Solomon, rising to the challenge
Like any lion, Solomon spent countless hours sleeping but he enjoyed the different enrichment items we provided and particularly liked different smells, which encouraged him to scent mark. Solomon was actually quite nervous of new things and situations so we always took care to introduce anything unfamiliar gradually. He was more courageous when food was available. He once climbed much higher than we ever imagined; to reach some meat that had been placed high up in the trees for Josie. He then leapt head first 12 feet to the ground while the gathered crowd let out an almighty gasp! Solomon also gave visitors a spectacular display whenever his meat was hung from the trees. 

All those who knew Solomon well, right through to those who met him just once, were impressed by his majestic looks, his strength and amazing power. What some people may not have realised is that, though there are many wonderful words we can use to describe Solomon, intelligent probably shouldn’t be one of them! This is well illustrated by one of the very first things I was taught about looking after him. ‘If you need to get Sol in quickly for any reason, and you don’t have any meat close at hand, put a log in his house’. This, I was told, he would mistake for meat and walk straight in.  He did, and not just once or twice, but repeatedly, and over many years!  

Solomon and Josie; happy cats
Certain animals, in any zoo, will have such beauty, presence and personality that they become a favourite with many staff and visitors alike. Solomon definitely lived in this category; past and present keepers all found him nothing but a joy to care for, and hundreds of visitors have spoken of him with great wonder and admiration. Solomon leaves two sons and a daughter in other zoos, as well as Josie here at Dartmoor. The two grew ever closer, Josie keeping Sol young with her fun and games and Dad generally obliging and joining in. She will miss him as do we, he will never be forgotten.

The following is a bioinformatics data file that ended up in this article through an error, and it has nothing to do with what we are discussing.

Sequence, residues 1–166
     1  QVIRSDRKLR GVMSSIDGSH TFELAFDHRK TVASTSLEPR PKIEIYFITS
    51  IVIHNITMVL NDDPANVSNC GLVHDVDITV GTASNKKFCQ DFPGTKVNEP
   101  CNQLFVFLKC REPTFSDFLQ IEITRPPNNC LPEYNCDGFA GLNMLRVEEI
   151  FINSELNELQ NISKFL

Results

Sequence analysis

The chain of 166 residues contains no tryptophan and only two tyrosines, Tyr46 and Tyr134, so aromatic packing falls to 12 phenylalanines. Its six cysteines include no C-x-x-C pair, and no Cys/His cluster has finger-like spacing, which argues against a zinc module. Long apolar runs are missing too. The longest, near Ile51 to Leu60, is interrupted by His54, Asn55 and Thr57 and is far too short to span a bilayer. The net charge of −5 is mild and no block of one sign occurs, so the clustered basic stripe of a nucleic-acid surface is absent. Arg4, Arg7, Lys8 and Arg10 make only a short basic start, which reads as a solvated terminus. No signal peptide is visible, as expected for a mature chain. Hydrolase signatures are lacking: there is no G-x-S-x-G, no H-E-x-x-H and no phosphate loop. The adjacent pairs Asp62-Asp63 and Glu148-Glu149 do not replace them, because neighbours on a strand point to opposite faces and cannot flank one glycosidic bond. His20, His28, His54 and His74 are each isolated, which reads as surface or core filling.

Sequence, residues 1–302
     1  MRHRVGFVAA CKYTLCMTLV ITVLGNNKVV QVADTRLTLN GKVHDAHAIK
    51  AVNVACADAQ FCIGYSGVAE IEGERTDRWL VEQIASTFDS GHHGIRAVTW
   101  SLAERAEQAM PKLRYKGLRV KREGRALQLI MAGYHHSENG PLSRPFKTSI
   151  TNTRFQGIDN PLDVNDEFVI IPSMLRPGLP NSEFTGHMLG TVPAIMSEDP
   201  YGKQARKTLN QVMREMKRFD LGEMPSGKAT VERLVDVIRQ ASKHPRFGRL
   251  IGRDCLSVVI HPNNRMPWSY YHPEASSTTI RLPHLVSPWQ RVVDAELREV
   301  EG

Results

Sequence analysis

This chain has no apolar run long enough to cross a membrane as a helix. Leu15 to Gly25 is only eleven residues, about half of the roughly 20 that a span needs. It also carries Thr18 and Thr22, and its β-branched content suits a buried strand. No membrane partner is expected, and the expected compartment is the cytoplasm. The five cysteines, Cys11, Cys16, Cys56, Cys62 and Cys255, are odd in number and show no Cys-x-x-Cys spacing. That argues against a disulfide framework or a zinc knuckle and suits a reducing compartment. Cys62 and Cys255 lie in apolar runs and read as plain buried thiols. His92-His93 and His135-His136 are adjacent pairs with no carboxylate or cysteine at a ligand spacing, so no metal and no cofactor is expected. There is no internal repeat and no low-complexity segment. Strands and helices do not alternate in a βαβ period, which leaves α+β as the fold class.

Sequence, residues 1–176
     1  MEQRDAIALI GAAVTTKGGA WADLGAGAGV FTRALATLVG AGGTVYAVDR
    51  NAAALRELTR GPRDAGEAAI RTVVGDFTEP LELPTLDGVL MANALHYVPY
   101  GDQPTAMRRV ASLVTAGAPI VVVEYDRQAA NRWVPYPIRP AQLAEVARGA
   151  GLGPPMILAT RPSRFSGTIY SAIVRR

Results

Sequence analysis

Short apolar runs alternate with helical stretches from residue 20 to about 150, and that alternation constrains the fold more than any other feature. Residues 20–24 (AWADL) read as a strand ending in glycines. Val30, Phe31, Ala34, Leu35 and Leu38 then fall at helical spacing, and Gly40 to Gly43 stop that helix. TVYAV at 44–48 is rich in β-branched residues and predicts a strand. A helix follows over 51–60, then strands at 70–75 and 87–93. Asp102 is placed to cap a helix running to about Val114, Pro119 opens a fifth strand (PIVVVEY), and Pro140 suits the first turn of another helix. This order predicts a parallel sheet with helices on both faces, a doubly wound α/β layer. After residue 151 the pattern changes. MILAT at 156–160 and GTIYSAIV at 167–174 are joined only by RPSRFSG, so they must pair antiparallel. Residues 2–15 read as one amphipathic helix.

Solomon: an unforgettable lion, an unforgettable life.

Hannah Webb
Senior Keeper

DNA Mystery

Fudge: European or Syrian?
Here at Dartmoor Zoo there are two bears named Hayley and Fudge. It was originally believed that both were European Brown Bears, however there are notable differences between the pair. The most obvious differences, which indicate that Fudge may not be a European Brown Bear are the length of her claws, her overall size and fur colour. As a consequence, despite her records showing otherwise, we have long thought that Fudge is in fact a Syrian Brown Bear.

So, we decided to turn to scientists at Plymouth University for a definitive answer.

We contacted several zoos around Europe to find a collection willing to send hair follicles from a true Syrian Bear to compare to our own. Heidelberg Zoo in Germany kindly sent a sample of hair from a Syrian Brown Bear in their collection. We also took samples from our own bears, a process which thanks to their training was stress free for all concerned.

Dr Mairi Knight of Plymouth University’s School of Biomedical and Biological Sciences is currently working with the samples. At this point, it’s important to point out to all readers familiar with CSI that DNA sampling isn’t a straightforward case of shaking liquids about in test tubes.